By Concept Technology
This post also appeared in The Tennessean, where Concept Technology has a bi-weekly feature in the Business section.
As this first week of 2013 comes to a close, pretty much every business leader I encounter is looking forward and trying to predict what comes next for his or her industry. For those within technology, this look forward can be murky at best, as there are countless developments to consider and interwoven strings to pull.
Here are four information technology trends we expect to encounter this year. We’ll outline more technology predictions in our next column.
Marriage of IT, business strategy
In today’s interconnected business landscape, there are no such things as IT projects; there are only business projects that are enabled by technology. IT can no longer exist in a silo, and business owners need to be more attentive than ever to the role that software can play when solving a company’s growth, strategy and organizational goals and challenges.
From communication plans and user training to implementation support, in 2013, expect to see more business leaders setting aside time and dollars to integrate these considerations into their planning models.
By Concept Technology
A recent article written by Barb Darrow of GigaOm points to research by Nasuni, an enterprise storage management company, that found that a fifth of 1,300 business users surveyed said they use Dropbox to store and share business documents. Half of which don’t know it’s against the rules.
Furthermore, the study found that users who use Dropbox most frequently for business purposes are senior employees at the vice president and director level, followed closely by C-level employees.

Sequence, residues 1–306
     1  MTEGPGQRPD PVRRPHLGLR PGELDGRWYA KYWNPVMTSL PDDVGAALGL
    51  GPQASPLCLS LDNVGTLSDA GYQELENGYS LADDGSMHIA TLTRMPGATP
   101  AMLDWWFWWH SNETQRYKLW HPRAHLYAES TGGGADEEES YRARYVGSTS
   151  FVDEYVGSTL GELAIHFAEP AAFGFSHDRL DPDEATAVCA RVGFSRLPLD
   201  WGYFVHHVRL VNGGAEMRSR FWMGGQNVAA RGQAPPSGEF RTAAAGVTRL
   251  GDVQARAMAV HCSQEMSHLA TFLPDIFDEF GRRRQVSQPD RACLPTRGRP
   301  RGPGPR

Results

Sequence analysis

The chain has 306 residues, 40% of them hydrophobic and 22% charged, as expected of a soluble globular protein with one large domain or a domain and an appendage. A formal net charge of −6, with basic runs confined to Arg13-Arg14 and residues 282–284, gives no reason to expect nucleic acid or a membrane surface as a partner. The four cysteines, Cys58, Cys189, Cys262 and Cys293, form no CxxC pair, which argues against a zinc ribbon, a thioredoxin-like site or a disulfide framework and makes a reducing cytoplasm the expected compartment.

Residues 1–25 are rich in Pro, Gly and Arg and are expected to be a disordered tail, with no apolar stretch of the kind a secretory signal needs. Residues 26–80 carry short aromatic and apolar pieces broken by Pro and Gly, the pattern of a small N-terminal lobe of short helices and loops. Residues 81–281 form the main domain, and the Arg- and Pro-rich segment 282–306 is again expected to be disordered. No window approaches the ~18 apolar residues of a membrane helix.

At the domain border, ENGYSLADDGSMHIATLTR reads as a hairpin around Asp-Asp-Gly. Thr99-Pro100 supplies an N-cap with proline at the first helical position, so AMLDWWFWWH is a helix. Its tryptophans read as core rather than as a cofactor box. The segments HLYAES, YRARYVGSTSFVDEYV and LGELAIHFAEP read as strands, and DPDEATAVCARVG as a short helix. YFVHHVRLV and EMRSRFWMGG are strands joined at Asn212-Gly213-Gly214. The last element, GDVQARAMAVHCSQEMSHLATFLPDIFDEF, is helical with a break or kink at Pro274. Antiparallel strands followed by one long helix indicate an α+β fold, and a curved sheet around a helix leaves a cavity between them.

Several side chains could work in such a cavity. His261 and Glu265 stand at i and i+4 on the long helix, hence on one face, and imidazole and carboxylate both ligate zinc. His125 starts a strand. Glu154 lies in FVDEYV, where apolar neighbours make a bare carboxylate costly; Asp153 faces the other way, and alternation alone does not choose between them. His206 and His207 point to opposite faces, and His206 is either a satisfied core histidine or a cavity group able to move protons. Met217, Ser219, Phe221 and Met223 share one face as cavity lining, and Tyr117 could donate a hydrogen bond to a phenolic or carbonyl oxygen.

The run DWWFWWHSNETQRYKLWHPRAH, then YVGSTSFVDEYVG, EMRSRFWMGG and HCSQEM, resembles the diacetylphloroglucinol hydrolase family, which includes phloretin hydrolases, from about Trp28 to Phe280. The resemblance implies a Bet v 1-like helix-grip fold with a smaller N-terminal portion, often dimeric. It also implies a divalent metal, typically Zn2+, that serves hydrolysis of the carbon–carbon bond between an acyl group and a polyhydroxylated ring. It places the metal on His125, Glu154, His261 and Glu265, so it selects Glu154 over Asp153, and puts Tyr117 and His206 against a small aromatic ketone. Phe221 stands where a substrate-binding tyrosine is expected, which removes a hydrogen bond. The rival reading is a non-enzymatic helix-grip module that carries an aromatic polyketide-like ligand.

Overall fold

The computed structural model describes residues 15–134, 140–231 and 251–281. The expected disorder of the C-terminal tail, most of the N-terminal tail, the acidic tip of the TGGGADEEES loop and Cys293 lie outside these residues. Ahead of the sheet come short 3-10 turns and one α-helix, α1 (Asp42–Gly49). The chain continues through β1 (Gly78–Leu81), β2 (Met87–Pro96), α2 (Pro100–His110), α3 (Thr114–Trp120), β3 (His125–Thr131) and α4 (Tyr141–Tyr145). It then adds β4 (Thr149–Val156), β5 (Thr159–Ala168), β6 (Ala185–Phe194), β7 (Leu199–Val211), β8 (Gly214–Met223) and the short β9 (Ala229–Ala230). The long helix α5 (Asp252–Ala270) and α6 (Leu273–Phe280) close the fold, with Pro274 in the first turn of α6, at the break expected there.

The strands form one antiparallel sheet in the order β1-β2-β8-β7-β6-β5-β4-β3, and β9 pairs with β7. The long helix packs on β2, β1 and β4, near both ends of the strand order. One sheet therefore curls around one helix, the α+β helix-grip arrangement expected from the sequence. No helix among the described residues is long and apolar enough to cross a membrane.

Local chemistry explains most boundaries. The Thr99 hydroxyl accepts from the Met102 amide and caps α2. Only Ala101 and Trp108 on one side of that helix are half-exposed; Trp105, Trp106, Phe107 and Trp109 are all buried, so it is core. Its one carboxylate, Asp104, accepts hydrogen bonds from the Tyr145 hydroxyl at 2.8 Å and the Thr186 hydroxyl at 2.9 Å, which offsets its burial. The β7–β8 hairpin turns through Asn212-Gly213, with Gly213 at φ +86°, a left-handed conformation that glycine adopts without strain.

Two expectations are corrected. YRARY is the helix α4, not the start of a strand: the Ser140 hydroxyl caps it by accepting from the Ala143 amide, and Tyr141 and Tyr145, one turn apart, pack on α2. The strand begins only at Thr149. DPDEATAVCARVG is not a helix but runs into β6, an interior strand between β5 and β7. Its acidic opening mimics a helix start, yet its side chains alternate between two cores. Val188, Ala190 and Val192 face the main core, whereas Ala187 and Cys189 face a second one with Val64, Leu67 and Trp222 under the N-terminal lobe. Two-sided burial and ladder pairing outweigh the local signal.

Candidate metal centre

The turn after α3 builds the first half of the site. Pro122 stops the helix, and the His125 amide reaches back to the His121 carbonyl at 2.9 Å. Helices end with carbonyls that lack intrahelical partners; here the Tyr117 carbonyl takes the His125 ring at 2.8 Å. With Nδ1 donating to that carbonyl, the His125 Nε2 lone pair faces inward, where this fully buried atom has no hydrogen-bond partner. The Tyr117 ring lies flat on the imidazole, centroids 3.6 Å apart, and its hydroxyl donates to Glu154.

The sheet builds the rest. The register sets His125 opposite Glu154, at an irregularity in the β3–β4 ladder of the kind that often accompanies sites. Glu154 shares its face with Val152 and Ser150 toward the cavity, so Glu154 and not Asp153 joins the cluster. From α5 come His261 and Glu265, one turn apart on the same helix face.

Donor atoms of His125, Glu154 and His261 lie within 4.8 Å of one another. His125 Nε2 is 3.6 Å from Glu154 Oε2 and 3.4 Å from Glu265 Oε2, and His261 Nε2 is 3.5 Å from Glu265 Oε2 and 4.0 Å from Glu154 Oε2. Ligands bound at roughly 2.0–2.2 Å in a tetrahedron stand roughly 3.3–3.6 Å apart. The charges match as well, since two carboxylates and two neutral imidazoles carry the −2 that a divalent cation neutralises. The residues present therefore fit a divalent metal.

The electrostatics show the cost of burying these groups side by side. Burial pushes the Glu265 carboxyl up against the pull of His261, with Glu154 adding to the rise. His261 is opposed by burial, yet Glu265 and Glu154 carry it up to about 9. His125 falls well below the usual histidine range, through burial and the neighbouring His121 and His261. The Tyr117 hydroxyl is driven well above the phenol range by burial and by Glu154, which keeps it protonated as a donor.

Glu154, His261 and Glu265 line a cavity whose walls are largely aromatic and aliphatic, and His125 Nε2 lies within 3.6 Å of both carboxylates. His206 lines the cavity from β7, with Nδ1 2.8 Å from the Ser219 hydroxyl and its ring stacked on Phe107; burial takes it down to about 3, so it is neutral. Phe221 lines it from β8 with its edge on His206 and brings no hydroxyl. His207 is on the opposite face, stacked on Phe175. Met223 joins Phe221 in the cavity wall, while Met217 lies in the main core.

As someone guilty of occasionally working from a Dropbox account that’s not sanctioned by my company, this statistic doesn’t surprise me. Senior and C-level workers are mobile, more frequently working offsite from a coffee shop after a business meeting or late into the night from home. These are also the people who first introduced iPads and other personal devices into the office and wanted to integrate them within their corporate environments.
It also doesn’t surprise me that the graph indicates that IT professionals are most guilty of this practice—we are the ones who intimately know about all the hosted file sharing options and technologies like Dropbox.
IT professionals are also the employees who should know better. We’ve talked on the blog before about the risks associated with using a hosted file sharing service in the office. Specifically, you quickly run into security and data-management issues when using a hosted service, i.e., an employee leaves your company and takes any local copies of company files that live on that employee’s personal laptop and/or home computer with him or her.
As a business owner, you need to be at least aware of these risks and make sure your employees understand the rules and policies that you have in place to protect sensitive company documents. Explain why you these rules exist, and how they help protect the employee and health of the company as a whole.
If you have questions about file sharing within your business, check out our best practices here.